By Kat Fleming-Scott and Danny Briggs, Housing Services Processing Officers and members of Riverside’s LGBT staff network Spectrum
Today we commemorate the day in 1948 when the United Nations General Assembly adopted the Universal Declaration of Human Rights (UDHR).
The UDHR was one of the UN’s first major achievements as well as the first time human rights were officially recognised across the world. It means that every person is entitled to a certain level of treatment regardless of race, colour, religion, sex, language, political or other opinion, national or social origin, property, birth or other status.
Drafted by diverse representatives from all regions of the world, the UDHR sets out universal values and a common standard:
“We stand here today at the threshold of a great event both in the life of the United Nations and the life of all mankind. This declaration may well become the international Magna Carta for all men everywhere – Eleanor Roosevelt, the driving force behind the UDHR, on its presentation to the UN General Assembly.
The UN General Assembly said the UDHR’s principles are ‘the common standard of achievement for all peoples and all nations’ and it is the most translated document in the world, available in more than 500 languages.
Thanks to the UDHR and the nation states’ commitment to its principles, millions of people have been given the dignity they deserve, laying the foundations for a more just world.
Even though the declaration is not a binding document, it has inspired more than 60 human rights instruments that today make a common standard of human rights.
The UDHR empowers us all, the principles of the declaration are as relevant today as they were in 1948 but despite the efforts to protect human rights, hostility towards many individuals and groups continues.
Its promise is still to be fully realised and we need to continue to stand up for our own rights and those of others.
So where does the LGBT community fit into this act?
According to Stonewall, the Human Rights Act underpins a lot of LGBT equality. Here are just some of the ways the LGBT community is positively impacted by it.
Our right to live and work freely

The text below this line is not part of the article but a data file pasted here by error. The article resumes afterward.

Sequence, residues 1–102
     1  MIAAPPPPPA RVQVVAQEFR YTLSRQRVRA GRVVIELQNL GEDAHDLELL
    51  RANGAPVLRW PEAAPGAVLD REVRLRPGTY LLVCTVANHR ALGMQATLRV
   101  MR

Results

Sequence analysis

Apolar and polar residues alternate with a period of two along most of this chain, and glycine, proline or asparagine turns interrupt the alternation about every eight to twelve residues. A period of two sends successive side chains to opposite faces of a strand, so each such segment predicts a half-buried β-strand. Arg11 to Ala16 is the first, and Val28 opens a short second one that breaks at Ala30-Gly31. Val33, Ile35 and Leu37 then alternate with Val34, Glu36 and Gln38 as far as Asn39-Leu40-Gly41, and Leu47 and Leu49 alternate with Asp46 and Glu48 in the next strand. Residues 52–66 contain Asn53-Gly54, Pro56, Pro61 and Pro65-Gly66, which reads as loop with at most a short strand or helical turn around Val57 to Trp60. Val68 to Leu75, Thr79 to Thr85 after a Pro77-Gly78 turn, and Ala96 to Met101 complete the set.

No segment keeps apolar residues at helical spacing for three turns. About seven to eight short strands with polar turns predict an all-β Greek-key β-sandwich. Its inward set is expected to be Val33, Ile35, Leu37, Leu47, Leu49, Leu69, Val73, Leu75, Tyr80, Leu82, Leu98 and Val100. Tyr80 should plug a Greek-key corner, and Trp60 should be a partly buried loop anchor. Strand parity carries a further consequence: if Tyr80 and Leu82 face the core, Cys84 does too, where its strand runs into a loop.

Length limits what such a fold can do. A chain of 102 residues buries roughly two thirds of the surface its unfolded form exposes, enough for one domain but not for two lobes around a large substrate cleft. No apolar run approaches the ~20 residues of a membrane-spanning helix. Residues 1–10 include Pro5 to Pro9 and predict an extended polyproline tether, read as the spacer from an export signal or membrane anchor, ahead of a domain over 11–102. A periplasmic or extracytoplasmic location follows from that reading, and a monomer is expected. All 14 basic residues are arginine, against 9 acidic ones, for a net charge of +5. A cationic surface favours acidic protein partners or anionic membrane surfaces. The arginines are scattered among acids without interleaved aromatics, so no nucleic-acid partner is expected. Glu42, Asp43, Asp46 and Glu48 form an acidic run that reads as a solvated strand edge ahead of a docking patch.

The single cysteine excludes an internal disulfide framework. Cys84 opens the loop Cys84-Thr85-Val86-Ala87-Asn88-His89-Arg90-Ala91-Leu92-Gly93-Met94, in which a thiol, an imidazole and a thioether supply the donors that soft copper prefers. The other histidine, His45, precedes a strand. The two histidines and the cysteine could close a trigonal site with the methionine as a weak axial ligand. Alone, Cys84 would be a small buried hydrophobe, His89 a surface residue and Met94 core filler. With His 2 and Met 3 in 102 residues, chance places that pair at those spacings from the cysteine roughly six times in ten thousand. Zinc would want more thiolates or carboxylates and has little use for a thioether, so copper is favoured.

Whether it’s going to work, serving in the military, staying in a hotel or accessing healthcare, human rights laws helps protect us from discrimination. If this is denied, we can seek justice.
Our right to love
LGBT people can start a family, get married and share their lives with the people they love. Human rights legislation protects our right to family life and it means the state can’t discriminate.
Our right to be who we are
Human rights legislation paved the way for the Gender Recognition Act, providing rights for trans people in Britain. The GRA needs reform but the Human Rights Act started us on a journey to trans equality.
Our right to be safe
LGBT people should be able to walk down the street without fear of abuse, hate or violence. We should be free to hold our partner’s hand without fear and be free from bullying at work and school.
Our right to make sure everyone, everywhere is accepted without exception
We’ve secured great protections for LGBT people. But internationally the picture is very different. In some countries, LGBT people face not discrimination but state-endorsed persecution. Human rights legislation has ensured that can never happen here.
We have come a long way but there is still work to be done. While nearly all of the EU member states, 27 of the 28, protect trans people from workplace discrimination, just 73 out of 195 countries worldwide protect people from workplace discrimination on the basis of sexual orientation.
We can all do our part by upholding and promoting equal, inclusive and un-discriminatory rights and behaviours towards everyone, and we can all take action in our own daily lives to uphold the rights that protect us all the thereby promote the kinship of all human beings.